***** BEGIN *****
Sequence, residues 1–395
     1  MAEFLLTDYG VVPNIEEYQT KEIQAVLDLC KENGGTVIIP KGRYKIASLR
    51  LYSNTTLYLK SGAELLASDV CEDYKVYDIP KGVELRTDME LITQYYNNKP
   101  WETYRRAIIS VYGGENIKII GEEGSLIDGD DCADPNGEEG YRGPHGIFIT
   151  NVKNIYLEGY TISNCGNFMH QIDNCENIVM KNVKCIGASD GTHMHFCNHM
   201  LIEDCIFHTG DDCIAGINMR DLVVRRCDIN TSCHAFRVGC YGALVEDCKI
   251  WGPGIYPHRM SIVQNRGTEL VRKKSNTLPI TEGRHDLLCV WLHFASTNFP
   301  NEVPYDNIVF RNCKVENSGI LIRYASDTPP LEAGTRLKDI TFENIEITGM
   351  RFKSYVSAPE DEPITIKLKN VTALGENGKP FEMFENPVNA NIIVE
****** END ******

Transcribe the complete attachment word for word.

Sequence, residues 1–395
     1  MAEFLLTDYG VVPNIEEYQT KEIQAVLDLC KENGGTVIIP KGRYKIASLR
    51  LYSNTTLYLK SGAELLASDV CEDYKVYDIP KGVELRTDME LITQYYNNKP
   101  WETYRRAIIS VYGGENIKII GEEGSLIDGD DCADPNGEEG YRGPHGIFIT
   151  NVKNIYLEGY TISNCGNFMH QIDNCENIVM KNVKCIGASD GTHMHFCNHM
   201  LIEDCIFHTG DDCIAGINMR DLVVRRCDIN TSCHAFRVGC YGALVEDCKI
   251  WGPGIYPHRM SIVQNRGTEL VRKKSNTLPI TEGRHDLLCV WLHFASTNFP
   301  NEVPYDNIVF RNCKVENSGI LIRYASDTPP LEAGTRLKDI TFENIEITGM
   351  RFKSYVSAPE DEPITIKLKN VTALGENGKP FEMFENPVNA NIIVE